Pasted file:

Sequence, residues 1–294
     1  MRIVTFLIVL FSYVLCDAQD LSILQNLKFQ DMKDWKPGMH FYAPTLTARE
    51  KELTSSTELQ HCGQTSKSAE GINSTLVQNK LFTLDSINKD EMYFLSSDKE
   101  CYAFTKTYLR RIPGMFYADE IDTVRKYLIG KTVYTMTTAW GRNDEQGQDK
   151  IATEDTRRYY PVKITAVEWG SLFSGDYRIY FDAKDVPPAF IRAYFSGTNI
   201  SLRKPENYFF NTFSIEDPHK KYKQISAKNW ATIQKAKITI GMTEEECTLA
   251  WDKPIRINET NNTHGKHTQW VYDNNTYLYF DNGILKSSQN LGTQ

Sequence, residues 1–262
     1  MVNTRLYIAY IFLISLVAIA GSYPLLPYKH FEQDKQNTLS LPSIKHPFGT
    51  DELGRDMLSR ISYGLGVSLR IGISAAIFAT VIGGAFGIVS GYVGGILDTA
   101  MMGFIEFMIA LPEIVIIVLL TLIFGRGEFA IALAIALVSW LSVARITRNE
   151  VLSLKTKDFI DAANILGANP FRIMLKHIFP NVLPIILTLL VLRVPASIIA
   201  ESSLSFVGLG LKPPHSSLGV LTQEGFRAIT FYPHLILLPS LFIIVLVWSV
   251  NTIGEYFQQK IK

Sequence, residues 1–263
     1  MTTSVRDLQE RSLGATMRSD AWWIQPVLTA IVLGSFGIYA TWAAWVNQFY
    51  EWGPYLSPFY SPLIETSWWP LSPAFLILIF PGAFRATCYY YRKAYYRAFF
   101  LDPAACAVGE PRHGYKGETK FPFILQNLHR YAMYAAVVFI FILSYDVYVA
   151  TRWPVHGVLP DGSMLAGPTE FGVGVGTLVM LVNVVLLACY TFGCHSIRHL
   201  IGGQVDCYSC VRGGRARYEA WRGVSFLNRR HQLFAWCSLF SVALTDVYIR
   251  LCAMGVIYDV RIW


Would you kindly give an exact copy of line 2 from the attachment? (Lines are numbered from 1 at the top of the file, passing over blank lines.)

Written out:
     1  MRIVTFLIVL FSYVLCDAQD LSILQNLKFQ DMKDWKPGMH FYAPTLTARE